Articles will only be considered if the procedures used are clearly described and conformed with the international and national legal and ethical requirements, as well as the requirements outlined by the institution in which the work took place. A statement identifying the committee approving the study must also be included in the Methods section.
Authors are encouraged to refer to the ARRIVE guidelines
, and in particular the checklist within them, when preparing manuscripts detailing animal experiments.
Editors reserve the right to request further information on the exact procedures and ethical approval obtained as part of the review process. Papers may be rejected on ethical grounds should the editors feel the study does not adequately meet current international guidelines for humane research.
It is the author’s responsibility to document that the results are reproducible and that the differences found are not due to random variation. No absolute rules can be applied but, in general, quantitative data should be from no fewer than three replicate experiments. Appropriate statistical methods should be used to test the significance of differences in results. The term ‘significant’ should not be used unless statistical analysis was performed, and the probability value used to identify significance (eg P < 0.05) should be specified.
When several t-tests are employed, authors should be aware that nominal probability levels no longer apply. Accordingly, the multiple t-test, multiple range test, or similar techniques to permit simultaneous comparisons should be employed. Also, in lieu of using several t-tests, it is often more appropriate to utilize an analysis of variance (ANOVA) to permit pooling of data, increase the number of degrees of freedom, and improve reliability of results. Authors should use appropriate nonparametric tests when the data depart substantially from a normal distribution.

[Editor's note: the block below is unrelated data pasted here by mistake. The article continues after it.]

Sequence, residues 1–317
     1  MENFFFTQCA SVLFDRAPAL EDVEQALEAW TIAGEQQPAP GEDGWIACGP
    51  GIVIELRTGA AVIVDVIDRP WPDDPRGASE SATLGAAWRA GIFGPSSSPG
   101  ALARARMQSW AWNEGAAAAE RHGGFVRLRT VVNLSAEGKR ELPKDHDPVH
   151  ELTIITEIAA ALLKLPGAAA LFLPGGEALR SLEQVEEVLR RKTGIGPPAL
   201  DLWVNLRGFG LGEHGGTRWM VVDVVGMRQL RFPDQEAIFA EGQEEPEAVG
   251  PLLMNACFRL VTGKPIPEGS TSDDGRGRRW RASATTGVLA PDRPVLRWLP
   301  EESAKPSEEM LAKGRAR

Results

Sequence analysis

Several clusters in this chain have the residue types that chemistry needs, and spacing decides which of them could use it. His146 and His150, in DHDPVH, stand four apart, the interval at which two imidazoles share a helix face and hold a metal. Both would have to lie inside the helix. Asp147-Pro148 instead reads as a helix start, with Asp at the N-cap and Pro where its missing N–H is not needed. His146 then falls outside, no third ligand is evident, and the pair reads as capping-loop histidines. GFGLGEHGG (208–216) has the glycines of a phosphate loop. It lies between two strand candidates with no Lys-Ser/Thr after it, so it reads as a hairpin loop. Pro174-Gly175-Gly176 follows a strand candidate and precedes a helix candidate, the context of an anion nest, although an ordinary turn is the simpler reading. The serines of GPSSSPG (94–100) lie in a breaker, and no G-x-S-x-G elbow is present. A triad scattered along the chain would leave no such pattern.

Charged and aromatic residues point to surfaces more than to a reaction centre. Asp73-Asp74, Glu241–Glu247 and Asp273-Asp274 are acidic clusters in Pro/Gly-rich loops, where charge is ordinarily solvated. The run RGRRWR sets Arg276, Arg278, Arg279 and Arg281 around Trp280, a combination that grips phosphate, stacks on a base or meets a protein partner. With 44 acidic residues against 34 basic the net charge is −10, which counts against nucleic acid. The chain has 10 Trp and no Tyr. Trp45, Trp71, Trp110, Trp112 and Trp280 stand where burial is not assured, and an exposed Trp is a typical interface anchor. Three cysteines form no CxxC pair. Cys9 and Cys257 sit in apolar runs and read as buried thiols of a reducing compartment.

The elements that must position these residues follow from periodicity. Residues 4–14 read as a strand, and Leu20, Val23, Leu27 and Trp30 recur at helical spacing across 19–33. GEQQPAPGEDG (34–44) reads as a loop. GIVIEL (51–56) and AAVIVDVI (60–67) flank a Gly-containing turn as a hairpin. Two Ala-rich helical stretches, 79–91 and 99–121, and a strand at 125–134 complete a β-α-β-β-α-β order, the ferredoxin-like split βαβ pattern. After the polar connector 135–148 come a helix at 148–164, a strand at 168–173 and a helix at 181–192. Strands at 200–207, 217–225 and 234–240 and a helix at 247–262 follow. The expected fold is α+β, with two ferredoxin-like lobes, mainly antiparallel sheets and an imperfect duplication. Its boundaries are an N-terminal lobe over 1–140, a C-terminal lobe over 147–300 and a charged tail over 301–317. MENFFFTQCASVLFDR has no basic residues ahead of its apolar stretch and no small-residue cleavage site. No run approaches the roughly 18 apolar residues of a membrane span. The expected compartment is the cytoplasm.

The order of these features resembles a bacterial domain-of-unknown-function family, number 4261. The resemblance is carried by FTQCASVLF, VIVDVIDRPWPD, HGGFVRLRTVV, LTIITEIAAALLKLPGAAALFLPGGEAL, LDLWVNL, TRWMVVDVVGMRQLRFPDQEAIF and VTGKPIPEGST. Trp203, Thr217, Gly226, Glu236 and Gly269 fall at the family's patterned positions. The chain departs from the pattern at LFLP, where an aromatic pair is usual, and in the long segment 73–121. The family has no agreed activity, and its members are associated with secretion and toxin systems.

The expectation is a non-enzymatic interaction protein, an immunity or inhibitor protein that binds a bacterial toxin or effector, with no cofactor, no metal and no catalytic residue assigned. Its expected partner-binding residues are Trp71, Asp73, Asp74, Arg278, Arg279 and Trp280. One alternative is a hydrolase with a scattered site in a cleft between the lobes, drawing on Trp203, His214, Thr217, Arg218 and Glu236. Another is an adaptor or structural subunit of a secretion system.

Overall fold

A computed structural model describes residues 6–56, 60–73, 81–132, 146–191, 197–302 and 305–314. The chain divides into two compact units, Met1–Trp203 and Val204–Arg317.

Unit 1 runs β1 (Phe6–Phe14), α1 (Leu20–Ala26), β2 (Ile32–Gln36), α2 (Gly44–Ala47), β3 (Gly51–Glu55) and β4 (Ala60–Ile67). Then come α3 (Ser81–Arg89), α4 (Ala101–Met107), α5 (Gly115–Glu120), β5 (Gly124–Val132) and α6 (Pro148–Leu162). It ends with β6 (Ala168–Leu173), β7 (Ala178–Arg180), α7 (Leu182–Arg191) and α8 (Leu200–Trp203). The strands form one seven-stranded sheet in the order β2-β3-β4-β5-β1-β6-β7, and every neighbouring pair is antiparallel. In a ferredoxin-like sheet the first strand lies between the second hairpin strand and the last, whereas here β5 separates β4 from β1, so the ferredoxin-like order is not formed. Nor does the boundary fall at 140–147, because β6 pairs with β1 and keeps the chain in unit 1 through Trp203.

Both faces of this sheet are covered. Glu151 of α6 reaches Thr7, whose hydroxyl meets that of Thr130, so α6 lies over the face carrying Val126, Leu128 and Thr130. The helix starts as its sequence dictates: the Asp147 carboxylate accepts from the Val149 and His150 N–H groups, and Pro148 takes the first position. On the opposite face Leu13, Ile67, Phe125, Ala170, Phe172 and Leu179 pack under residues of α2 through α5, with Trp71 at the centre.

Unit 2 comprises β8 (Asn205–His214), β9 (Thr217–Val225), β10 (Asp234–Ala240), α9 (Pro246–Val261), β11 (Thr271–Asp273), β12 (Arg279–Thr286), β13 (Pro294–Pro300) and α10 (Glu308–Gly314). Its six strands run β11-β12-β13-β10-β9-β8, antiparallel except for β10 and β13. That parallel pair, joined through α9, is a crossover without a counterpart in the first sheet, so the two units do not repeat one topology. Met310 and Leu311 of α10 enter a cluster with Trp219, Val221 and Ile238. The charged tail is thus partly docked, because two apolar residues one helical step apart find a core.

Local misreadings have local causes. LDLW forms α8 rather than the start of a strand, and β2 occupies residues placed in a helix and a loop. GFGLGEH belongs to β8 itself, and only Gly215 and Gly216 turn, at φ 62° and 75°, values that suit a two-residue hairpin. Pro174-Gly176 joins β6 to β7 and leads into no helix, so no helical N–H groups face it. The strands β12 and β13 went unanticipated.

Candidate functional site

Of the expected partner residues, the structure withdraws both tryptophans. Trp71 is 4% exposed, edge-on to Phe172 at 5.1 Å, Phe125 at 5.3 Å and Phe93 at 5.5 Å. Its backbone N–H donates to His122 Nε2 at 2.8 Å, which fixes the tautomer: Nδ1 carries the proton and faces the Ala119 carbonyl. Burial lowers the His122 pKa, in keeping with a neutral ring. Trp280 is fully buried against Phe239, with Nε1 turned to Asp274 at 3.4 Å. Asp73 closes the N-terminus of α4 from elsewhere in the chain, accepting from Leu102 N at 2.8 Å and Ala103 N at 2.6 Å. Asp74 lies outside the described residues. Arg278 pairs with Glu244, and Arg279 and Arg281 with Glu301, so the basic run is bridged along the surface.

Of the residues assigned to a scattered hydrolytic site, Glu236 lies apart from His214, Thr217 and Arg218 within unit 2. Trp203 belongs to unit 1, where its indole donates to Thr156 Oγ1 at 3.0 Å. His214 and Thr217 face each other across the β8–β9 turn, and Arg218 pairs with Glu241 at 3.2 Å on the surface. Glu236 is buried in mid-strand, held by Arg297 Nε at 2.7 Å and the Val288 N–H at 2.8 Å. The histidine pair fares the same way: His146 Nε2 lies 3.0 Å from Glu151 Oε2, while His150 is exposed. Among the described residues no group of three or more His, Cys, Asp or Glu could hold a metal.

In presenting results of linear regression analyses, it is desirable to show 95% confidence limits.
When data points are fitted with lines, specify the method used for fitting (graphical, least squares, computer program). If differences in slopes and/or axis intercepts are claimed for plotted lines, these should be supported by statistical analysis.
Give sufficient details of the experimental design and analysis so that the reader can assess their adequacy and validity for testing the hypotheses of interest.
- Describe the numbers of experimental units used and the way in which they have been allocated to treatments.
- Justify the omission of any observations from the analysis.
- Describe methods of analysis precisely and state any necessary assumptions, as these may affect the conclusions that can be drawn from the experiment.
A preprint is a version of the article prior to submission to the journal for peer review, and has not been copyedited or typeset.
Bioscientifica allows deposition of preprints to recognized repositories, such as bioRxiv, provided that Bioscientifica is informed of this at the time of submission and it does not infringe any subsequent copyright or licence agreement.
Upon final publication, authors are required to add a link from the preprint to the published article (version of record).
Licence and Copyright
Authors retain copyright of their articles and may choose to publish under the terms of the Creative Commons Attribution 4.0 International (CC BY); Attribution-NonCommercial 4.0 International (CC BY-NC); or Attribution-NonCommercial-NoDerivatives 4.0 International (CC BY-NC-ND) licences. Please see 'Gold' open access licenses
for further information. Authors are permitted to copy and redistribute their work within the terms of their selected license. In the latter two cases authors also grant the British Society of Echocardiography and Bioscientifica Ltd commercial rights
BSE Reaccreditation Points
In order to recognize the wider and in-depth reading associated with writing for publication, BSE re-accreditation points for articles published in Echo Research and Practice can be claimed as follows:
Systematic review or Meta analysis
First author = 6 points
Senior author = 4 points
Second author = 2 points
First author = 8 points
Senior author = 6 points
Second author = 4 points
Other article type from the above
This is effective from now through individual choice, or effective from the candidate's next reaccreditation cycle start time if they prefer.